Access to medical marijuana varies greatly state by state – and while some are very similar and offer medical marijuana to patients with any of dozens of conditions of varying degrees of severity, others are far more restrictive in both the people who have access and the type of cannabis products they are able to medicate with, as well as in what quantities.
New Jersey is definitely one of the more conservative states when it comes to which patients are allowed to use medical marijuana with a physician’s recommendation, only having added one condition (post-traumatic stress disorder) in the last seven years since the MMJ laws were first passed. However, by this fall, thousands more patients could be gaining access to cannabis treatment for several conditions such as chronic pain, Tourette syndrome, asthma, and opioid use disorder, among others.
Aside from Gov. Christie breaking character and signing a bill last year to add PTSD to the list there has been no change since it first became legal in 2010. The only reason new conditions are being considered now is because of a judge’s ruling in a 2014 court case, where the judge ordered an annual report – the one being written now – based off patients petitioning to have their conditions included on the list. This year they will be considering 45 petitions in total, many of which can be categorized as chronic pain.
“My access to marijuana has to be done in secret, in hiding, with the stigma that I’m breaking the law every time I purchase medicine that is legally permitted to be dispensed for symptoms similar to mine in so many other states,” said Marco Esquandolas of Woodbury, who uses medical marijuana for sciatica related pain. “Legal access to medical marijuana is giving people like myself options and safer choices for treatment without fear of incarceration or simply wanting to have a better quality of life.”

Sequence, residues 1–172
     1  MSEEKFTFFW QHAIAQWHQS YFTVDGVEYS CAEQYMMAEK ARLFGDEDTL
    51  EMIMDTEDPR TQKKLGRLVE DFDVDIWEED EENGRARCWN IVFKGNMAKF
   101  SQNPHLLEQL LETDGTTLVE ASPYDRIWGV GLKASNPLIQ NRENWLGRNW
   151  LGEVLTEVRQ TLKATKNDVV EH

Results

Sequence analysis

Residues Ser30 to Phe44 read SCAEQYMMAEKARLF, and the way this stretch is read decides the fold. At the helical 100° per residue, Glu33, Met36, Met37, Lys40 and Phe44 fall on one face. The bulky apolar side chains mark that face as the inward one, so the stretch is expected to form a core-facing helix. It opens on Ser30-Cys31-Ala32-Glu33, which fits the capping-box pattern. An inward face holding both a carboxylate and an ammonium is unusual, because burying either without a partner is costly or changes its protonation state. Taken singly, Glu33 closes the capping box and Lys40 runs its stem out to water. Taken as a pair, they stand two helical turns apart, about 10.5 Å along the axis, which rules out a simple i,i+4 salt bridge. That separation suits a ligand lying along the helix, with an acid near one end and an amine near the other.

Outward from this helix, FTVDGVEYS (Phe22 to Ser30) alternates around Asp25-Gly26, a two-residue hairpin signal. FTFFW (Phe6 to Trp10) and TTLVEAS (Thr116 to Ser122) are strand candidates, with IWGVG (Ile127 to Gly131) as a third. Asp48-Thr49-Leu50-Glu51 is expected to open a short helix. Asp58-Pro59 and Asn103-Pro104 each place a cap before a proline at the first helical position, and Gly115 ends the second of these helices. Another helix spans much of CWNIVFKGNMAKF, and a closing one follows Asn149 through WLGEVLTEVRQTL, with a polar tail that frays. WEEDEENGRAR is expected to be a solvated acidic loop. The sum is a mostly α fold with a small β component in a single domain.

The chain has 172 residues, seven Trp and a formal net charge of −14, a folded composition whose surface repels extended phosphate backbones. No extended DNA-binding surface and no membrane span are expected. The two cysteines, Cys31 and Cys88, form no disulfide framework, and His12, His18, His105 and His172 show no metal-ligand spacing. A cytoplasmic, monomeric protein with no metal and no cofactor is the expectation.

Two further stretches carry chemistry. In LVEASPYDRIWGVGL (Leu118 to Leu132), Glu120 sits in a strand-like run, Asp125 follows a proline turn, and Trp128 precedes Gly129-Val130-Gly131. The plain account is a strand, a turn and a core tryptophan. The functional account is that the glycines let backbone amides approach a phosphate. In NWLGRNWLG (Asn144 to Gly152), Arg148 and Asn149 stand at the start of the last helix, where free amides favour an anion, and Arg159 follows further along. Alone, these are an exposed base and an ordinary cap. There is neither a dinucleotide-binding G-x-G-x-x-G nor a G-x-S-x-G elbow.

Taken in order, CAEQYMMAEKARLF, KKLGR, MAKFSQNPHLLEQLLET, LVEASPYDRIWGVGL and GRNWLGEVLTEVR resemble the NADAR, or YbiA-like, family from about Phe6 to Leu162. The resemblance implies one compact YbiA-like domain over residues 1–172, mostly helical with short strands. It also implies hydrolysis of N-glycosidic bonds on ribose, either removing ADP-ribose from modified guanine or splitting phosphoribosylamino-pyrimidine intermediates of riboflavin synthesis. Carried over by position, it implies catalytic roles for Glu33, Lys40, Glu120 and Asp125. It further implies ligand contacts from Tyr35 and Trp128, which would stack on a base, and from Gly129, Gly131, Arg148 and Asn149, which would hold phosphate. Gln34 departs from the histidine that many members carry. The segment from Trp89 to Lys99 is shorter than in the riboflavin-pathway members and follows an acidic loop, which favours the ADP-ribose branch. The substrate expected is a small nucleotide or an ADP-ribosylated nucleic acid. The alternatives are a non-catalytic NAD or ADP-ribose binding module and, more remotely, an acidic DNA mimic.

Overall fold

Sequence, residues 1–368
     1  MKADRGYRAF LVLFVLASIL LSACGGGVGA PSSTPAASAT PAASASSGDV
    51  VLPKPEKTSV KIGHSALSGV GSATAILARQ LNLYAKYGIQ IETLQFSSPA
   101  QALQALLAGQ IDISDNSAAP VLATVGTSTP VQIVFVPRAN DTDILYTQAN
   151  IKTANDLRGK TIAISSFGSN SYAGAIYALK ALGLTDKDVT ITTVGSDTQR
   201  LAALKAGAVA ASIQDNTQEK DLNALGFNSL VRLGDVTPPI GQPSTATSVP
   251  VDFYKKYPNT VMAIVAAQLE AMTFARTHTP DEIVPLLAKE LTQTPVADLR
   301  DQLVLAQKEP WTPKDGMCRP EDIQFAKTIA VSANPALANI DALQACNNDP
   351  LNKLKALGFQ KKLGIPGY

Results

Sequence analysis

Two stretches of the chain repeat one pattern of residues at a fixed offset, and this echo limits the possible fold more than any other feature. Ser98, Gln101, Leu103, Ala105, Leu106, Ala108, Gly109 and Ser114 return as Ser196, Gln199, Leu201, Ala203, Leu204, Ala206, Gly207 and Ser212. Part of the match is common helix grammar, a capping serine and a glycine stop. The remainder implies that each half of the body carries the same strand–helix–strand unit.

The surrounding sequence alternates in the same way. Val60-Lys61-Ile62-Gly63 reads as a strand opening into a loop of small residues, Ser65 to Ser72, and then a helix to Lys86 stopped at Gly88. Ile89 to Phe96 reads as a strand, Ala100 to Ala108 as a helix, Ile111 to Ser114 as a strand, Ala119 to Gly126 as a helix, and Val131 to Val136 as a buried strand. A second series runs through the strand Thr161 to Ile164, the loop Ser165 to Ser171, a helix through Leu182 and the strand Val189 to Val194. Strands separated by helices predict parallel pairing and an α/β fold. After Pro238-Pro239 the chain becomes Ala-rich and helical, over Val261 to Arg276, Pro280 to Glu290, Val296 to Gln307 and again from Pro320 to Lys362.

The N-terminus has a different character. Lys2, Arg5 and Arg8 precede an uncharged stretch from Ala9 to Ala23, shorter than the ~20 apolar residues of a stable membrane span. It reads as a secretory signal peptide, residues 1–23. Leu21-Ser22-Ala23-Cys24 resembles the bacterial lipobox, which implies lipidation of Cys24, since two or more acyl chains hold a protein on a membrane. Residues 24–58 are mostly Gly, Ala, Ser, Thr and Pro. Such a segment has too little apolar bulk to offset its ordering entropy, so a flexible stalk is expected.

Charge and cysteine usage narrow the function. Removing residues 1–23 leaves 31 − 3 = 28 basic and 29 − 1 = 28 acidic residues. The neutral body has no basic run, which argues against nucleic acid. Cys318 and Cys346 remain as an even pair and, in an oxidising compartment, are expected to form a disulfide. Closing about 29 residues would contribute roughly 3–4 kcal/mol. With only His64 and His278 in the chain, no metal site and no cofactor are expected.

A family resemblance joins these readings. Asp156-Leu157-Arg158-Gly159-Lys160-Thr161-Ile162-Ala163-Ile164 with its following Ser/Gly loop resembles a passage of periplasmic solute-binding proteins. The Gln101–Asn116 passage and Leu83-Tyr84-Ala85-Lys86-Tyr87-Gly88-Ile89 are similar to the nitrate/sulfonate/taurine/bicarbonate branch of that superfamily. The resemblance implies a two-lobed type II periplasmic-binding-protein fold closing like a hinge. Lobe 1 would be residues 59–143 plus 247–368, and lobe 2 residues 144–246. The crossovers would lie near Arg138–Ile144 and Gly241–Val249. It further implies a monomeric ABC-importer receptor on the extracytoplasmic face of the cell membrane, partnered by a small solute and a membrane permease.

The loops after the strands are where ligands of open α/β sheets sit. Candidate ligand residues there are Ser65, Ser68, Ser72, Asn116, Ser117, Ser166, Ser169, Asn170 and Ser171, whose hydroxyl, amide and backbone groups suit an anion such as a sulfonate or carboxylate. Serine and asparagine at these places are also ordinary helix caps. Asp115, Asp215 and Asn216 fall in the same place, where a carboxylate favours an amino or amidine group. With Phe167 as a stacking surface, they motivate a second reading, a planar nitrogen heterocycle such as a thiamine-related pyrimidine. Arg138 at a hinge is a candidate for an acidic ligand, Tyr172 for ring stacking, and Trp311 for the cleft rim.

That testimony and many others were heard by the Medical Marijuana Review Panel, who are only the first step in a long process for adding these conditions to the list of those qualifying a patient for medical marijuana in New Jersey. From here, the panel has 60 days to submit a report to the Department of Health, then there will be a public review session for a period of five months before a final determination is made by Department of Health Commissioner, Cathleen Bennett. At that point, any conditions that are approved by Bennett will be added to the list, and those patients will finally be able to begin the process of medicating legally.
“We have a big problem in America today with opiates being widely prescribed for chronic pain with in fact not very good evidence that opiates are good at the management of chronic pain,” Jenison said. “So we’re really struggling for finding other ways of providing relief to people that have less problems than opiates – less of an addiction problem and better results.”
Out of all the conditions being added to the list, generalized chronic pain is bound to be the one that helps the most patients, providing access to a wide range of people suffering from pain on a daily basis who want relief that doesn’t lead to addiction. Considering studies that show medical marijuana legalization may reduce opiate use, adding chronic pain to the list of conditions could greatly decrease the number of people in the state becoming hooked on prescription pain medications, or accidentally overdosing.